Finding new and innovative ways to get debt advice to harder-to-reach groups

Innovation Grants image 300 206The Trust’s director of external affairs Jane Tully blogs about the Trust’s Innovation Grants programme and the three new projects that will be supported over 2017/18.

Alongside the work that the Trust does to support people and small businesses to deal with their debts through National Debtline, Business Debtline and Wiseradviser, we are also proud of another, smaller, branch of our work – the Innovation Grants Programme.

Now in its sixth year, the programme has already supported 29 grassroots projects across the UK to deliver money and debt advice, often in less conventional ways and serving groups that can sometimes be harder to reach through traditional advice channels alone.

These projects have ranged from a toolkit developed by Behaviour Change, using nudge theory to help housing association clients engage in the advice process, to Liverpool CAB working with deaf and blind clients to enable them to make informed choices with money through tailored access to financial capability topics.

We are delighted to announce today that we have just selected another three projects that the programme will support over the 2017/18 cycle, which are as follows:

Mencap Liverpool – Easy Money

The aim of the project is to develop and deliver a financial literacy workshop programme using Easy Read resources so that these materials can then be used across charities working with people who have a mild learning disability (PWLD) and or Autistic Spectrum Disorder (ASD).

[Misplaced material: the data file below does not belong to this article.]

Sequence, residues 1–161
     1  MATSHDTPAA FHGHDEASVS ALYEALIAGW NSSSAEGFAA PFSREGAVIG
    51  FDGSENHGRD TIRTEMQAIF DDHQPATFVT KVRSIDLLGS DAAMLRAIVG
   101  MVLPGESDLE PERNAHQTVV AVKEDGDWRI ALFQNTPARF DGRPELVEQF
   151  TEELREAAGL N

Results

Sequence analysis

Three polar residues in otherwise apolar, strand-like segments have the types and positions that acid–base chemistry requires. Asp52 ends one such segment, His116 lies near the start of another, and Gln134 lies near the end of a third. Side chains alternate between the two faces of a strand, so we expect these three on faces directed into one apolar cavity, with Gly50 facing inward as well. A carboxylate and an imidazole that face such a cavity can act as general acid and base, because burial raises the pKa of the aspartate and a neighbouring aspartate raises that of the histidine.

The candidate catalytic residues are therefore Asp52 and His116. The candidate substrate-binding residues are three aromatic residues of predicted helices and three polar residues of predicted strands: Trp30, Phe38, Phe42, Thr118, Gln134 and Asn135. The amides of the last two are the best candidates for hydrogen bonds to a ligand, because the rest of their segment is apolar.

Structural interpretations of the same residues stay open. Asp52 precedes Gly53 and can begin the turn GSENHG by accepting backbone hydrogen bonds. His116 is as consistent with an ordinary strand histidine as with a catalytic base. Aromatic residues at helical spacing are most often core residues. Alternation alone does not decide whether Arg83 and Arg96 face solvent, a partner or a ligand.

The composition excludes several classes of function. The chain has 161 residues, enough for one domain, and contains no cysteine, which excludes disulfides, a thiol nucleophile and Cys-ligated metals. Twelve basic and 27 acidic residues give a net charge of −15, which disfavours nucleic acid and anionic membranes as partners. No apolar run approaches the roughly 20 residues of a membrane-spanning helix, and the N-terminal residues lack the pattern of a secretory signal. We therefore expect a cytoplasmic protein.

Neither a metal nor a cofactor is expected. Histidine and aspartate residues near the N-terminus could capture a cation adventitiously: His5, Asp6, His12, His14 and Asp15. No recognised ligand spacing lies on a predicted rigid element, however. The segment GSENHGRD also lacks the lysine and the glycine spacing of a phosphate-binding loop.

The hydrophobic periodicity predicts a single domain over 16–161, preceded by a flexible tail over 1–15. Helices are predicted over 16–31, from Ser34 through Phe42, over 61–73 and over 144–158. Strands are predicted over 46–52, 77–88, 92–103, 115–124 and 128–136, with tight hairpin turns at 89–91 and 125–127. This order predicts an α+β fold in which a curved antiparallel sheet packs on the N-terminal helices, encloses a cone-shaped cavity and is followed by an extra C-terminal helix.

Citizens Advice Manchester – WhatsApp – Money Advice and Casework Development Project

Citizens Advice Manchester want to target young people via social messenger services and plan to test the delivery of money advice via WhatsApp as a platform for 24/7 digital access channel and as a ‘keeping in touch’ system to help clients stay on track with their finances.

The Mary Ward Legal Centre – Enabling ESOL clients to improve their financial health

Through this project, the Mary Ward Legal Centre hope to build the financial health of their clients who have English as a second language in London. The materials they create and develop will also be made available to other advice centres and community organisations working with people who have English as a second language.

Each of these projects will be tackling the challenge of engaging different groups by trying new approaches – and the Innovation Grants programme gives them the flexibility to do this.

In addition to the benefits that projects like these bring directly to the individuals they work with, the debt advice sector benefits more broadly from understanding the learnings from their work. We are particularly looking forward to being able to share the findings from these projects with colleagues in the future.

The Innovation Grants programme has been funded by the Esmée Fairbairn Foundation, among other funders.

For more information about the Innovation Grants programme and future cycles, please visit our website or feel free to get in touch with Timon Scheven, the Trust’s Insight & Innovation Grants Officer, at

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